Boehner is right. Shame on our congressmen for not upholding the Constitution. Shame on them for not letting the states handle their own health care. Shame on those pro-life Democrats who believed that Obama wouldn’t use federal money to aid abortions.
Nevertheless, shame on us, the voters, who demanded change or wanted to punish the Republican Party back in the 2008 Congressional Elections. Shame on us for those who didn’t vote or refused to get involved with politics because it’s not “our game.”
Shame on us for forgetting what our Founding Fathers fought and died for back in 1776.
Justifying health care through the Constitution is impossible; to justify it on a public level is also improbable. In a MSNBC poll following the health care vote, 67 percent of responders were angry at the health care results, claiming that the “legislation will harm the economy while mandating a government takeover of the health care system.”
According to CNN/opinion research, American voters oppose reform by a 20-plus margin while CBS news revealed that a 60 percent majority did not believe this health care bill would benefit them at all. Overall, Real Clear Politics recorded a 10.5-plus average opposition margin.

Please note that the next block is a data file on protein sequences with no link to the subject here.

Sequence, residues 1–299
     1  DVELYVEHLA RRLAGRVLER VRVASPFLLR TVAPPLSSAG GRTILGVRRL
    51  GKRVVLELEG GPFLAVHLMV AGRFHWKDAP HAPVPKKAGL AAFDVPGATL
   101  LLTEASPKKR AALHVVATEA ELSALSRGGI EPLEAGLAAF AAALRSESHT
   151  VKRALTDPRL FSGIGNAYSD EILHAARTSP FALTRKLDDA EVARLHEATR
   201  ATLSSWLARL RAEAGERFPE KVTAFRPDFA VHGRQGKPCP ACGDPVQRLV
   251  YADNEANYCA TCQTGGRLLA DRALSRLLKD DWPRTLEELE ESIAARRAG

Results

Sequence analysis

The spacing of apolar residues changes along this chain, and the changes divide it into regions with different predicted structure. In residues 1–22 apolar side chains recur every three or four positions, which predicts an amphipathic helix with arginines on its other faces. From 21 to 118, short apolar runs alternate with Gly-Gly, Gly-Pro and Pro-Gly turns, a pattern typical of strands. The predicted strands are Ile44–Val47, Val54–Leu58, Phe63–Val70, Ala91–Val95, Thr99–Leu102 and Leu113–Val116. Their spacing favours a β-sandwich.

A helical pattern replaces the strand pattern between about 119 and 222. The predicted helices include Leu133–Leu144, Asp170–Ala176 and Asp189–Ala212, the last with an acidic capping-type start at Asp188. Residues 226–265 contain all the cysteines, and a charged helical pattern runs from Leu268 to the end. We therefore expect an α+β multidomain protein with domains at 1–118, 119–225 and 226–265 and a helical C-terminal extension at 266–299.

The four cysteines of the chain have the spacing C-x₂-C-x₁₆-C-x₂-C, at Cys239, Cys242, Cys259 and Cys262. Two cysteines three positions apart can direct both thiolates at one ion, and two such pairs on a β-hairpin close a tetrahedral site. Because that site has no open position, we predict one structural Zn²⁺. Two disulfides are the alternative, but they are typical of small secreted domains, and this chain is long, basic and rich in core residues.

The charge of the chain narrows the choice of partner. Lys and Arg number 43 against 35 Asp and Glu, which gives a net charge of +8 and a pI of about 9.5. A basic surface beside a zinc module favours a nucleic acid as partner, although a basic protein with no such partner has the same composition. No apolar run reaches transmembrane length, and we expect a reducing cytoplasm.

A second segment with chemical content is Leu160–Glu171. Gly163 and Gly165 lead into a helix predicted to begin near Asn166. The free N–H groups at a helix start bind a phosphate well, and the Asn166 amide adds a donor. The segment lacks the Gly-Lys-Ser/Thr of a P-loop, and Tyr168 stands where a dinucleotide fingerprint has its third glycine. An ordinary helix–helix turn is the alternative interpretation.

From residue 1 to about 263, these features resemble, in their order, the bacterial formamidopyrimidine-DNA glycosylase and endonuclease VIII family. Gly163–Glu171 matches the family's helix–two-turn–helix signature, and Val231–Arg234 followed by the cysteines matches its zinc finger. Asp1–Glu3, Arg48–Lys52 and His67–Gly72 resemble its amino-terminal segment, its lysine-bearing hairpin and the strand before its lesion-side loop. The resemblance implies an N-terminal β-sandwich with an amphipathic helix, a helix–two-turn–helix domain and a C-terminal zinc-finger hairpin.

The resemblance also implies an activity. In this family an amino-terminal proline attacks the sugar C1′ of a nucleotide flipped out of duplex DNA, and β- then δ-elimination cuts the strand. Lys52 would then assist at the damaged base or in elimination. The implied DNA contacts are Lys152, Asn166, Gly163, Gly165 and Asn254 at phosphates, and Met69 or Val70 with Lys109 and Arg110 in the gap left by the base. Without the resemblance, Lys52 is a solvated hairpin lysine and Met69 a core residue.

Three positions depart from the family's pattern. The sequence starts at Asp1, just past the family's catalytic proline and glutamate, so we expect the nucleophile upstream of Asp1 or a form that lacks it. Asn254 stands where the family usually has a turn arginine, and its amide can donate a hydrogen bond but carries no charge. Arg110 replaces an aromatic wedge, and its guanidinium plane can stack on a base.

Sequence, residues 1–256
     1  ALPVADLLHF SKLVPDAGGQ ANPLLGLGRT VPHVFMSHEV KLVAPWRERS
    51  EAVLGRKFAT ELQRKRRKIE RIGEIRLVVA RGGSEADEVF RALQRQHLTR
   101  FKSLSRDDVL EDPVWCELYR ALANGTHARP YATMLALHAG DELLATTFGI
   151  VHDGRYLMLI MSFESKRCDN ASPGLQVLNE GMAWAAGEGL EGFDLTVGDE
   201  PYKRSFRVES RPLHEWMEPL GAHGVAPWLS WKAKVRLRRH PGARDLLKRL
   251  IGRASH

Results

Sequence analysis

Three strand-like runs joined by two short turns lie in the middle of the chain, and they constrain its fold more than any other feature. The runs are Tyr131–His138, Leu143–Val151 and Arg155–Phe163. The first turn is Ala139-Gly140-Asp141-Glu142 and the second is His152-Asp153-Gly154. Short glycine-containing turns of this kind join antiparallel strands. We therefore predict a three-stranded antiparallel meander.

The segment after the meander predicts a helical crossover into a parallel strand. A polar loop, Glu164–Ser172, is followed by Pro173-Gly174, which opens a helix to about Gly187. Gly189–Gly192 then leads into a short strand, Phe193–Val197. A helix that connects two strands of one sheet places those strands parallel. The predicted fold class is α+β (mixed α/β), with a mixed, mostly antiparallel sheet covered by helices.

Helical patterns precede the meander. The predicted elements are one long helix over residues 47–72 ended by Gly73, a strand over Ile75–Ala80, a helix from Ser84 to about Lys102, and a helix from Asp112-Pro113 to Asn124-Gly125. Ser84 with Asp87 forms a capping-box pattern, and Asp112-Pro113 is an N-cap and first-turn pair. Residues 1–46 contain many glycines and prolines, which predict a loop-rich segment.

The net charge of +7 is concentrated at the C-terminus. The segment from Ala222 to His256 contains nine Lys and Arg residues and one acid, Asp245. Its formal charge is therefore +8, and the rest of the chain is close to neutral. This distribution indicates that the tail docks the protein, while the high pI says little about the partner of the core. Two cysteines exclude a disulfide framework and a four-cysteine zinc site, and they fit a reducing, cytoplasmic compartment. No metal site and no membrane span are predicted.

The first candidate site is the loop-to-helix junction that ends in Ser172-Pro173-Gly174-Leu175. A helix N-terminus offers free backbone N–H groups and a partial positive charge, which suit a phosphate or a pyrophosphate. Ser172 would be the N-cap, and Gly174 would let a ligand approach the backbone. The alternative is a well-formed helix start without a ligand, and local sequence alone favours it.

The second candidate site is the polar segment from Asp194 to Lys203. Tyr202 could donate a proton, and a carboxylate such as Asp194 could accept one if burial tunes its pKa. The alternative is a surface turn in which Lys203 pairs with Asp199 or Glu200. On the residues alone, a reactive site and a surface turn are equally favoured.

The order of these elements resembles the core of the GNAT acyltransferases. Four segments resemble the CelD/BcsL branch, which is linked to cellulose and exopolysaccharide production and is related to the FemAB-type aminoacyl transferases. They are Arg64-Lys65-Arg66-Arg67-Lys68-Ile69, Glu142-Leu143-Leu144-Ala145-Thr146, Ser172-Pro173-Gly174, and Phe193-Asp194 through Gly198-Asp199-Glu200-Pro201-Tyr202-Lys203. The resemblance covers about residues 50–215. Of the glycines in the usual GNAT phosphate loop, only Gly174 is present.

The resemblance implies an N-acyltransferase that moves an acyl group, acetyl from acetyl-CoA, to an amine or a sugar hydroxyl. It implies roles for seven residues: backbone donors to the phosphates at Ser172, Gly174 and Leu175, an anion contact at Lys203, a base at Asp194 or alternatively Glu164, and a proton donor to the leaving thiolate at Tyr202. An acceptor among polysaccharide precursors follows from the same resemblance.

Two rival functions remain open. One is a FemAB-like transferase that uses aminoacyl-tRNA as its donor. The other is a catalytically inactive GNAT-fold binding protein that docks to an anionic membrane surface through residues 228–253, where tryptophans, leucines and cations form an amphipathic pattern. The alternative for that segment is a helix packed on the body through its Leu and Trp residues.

In Washington state alone, Governor Gregoire blasted the State Attorney General, Republican Rob McKenna, for joining 11 other states in filing lawsuits against Obamacare. Call these actions selfish and uncompassionate to those 32 million uninsured? Absolutely not. These states are merely acting based on their rights as given and written by the Constitution.
Gregoire also claimed that McKenna had disappointed her and was “not representing her.” Sorry, Gregoire. Let me kindly remind you that he represents the people who elected him and not you. Besides, a recent poll from King5 News reveals that “most people in Western Washington think Congress went too far on health care reform and that they believe it will cost individuals more.” For such a blue state, only 18 percent supported Congress’s health care reform, and this is proof that even liberal media cannot deny the strong opposition toward it.